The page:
What To Do If You Are Being Sexually Harassed At Your Job

If you are being sexually harassed on the job, here are some things you can do to protect yourself from further abuse or advances.

At many companies it is common to develop a comfortable camaraderie among co-workers. Over time, employees may get to know each other and develop friendships that can lead to a casual atmosphere at work. But taking personal jokes too far or attempting to abuse a co-worker for personal gain is a federal crime.

If you believe you are being sexually harassed by someone you work with, here are some things to do:

1. Objectively evaluate the person's behavior. Are you too sensitive or is the co-worker too forward to some of the comments made to you? Be careful not to blow a friendly expression out of proportion:

"You look nice today."

This may be a perfectly innocent comment unless accompanied by leering or licking of lips. But a similar comment may go too far:

"That tight dress makes my mouth water."

On one hand, you must be the judge of whether a statement is acceptable or not. On the other hand, be careful not to jump the gun in assessing a co-worker's motives. When in doubt, jot down the exact words and think about them a day or two to decide if they are truly offensive, and were meant to be. If you are still unsure, discuss the comments with a trusted friend to get a second opinion.

2. When expressions are clearly offensive, be firm with the offender:

"Comments like that make me uncomfortable."

"What would your wife say if she heard you?"

"Please don't talk about the way I look."

3. If the person dismisses your concerns or repeats similar statements later, bring in added support:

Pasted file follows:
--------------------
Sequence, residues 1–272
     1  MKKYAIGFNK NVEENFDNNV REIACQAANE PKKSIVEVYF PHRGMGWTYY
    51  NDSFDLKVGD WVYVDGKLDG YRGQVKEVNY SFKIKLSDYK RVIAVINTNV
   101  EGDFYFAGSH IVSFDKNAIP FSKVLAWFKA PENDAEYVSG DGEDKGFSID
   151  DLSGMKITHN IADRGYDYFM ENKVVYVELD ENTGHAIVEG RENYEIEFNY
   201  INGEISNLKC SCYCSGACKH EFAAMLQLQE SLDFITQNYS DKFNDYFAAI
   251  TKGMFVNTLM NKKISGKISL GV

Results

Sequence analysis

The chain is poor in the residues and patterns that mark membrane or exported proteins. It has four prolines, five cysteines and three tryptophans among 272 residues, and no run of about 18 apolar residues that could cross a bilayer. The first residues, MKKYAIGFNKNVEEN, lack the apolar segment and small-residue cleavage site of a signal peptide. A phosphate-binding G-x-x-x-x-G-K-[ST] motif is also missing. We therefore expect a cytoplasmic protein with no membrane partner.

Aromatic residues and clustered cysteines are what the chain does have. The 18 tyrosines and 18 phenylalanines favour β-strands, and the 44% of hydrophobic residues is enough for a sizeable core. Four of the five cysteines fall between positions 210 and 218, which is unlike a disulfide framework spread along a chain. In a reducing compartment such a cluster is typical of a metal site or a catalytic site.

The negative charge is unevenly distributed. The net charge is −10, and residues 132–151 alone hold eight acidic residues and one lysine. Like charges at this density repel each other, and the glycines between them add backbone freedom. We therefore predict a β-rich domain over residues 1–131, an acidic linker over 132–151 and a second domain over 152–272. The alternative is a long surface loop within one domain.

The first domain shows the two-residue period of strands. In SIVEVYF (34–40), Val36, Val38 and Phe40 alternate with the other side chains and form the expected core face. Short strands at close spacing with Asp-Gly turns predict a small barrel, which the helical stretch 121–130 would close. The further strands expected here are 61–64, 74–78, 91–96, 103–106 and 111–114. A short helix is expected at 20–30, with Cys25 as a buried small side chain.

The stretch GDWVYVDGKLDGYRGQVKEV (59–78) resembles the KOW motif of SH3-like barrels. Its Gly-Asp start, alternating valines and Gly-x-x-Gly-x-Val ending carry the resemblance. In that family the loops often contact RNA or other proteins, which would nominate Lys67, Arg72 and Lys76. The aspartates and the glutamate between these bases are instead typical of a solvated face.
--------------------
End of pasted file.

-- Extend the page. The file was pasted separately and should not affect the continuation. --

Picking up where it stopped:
"My boyfriend won't appreciate your saying that."

"Susan, Joe's comment bothers me. What do you think?"

4. If the abuser denies his or her behavior, keep records of each incident, including date, time, location, witnesses (if any), and exact comments, or as close as you can get to being verbatim. Then if the behavior continues, discuss it with your supervisor or the affirmative action office, using your record of details.

5. If you know of other employees who have been victimized by the harasser, band together to confront the person or go to your supervisor as a group. Numbers speak volumes.

6. Be sure to report any non-workplace related harassment. If a co-worker telephones, e-mails, or comes to your home after hours, he or she may be committing a stalking offense and become subject to prosecution.

7. Avoid even the appearance of alluring clothing, flirtatious behavior, or inviting mannerisms, which can be leveled as an accusation against you and serve as an abuser's excuse:

"But I thought she wanted me to come on to her."

"She dresses so seductively, she looked easy."

Even if such statements are false, others may be gulled into believing them and exonerating the harasser.

The workplace is protected by laws to prevent employees from sexual harassment. Check with your human resources office to learn about your company's existing policy and what to do if someone harasses you.

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